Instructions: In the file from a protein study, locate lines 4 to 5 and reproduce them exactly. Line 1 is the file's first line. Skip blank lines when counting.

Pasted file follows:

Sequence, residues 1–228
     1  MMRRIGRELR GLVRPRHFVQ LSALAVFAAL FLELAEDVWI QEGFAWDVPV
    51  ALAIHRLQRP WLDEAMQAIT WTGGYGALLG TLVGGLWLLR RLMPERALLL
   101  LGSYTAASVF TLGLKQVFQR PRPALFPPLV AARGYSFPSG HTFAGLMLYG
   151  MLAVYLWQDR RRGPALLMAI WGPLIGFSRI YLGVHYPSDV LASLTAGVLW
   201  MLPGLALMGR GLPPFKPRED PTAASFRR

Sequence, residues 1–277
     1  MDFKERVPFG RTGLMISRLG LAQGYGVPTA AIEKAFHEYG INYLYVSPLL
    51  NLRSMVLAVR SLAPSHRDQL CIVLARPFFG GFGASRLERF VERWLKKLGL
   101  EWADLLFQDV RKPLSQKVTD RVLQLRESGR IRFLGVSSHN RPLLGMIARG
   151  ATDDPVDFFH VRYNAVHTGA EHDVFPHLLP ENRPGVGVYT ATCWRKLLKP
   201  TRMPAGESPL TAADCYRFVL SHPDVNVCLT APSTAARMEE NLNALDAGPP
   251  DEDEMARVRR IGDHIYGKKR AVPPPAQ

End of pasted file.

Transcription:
   101  LGSYTAASVF TLGLKQVFQR PRPALFPPLV AARGYSFPSG HTFAGLMLYG
   151  MLAVYLWQDR RRGPALLMAI WGPLIGFSRI YLGVHYPSDV LASLTAGVLW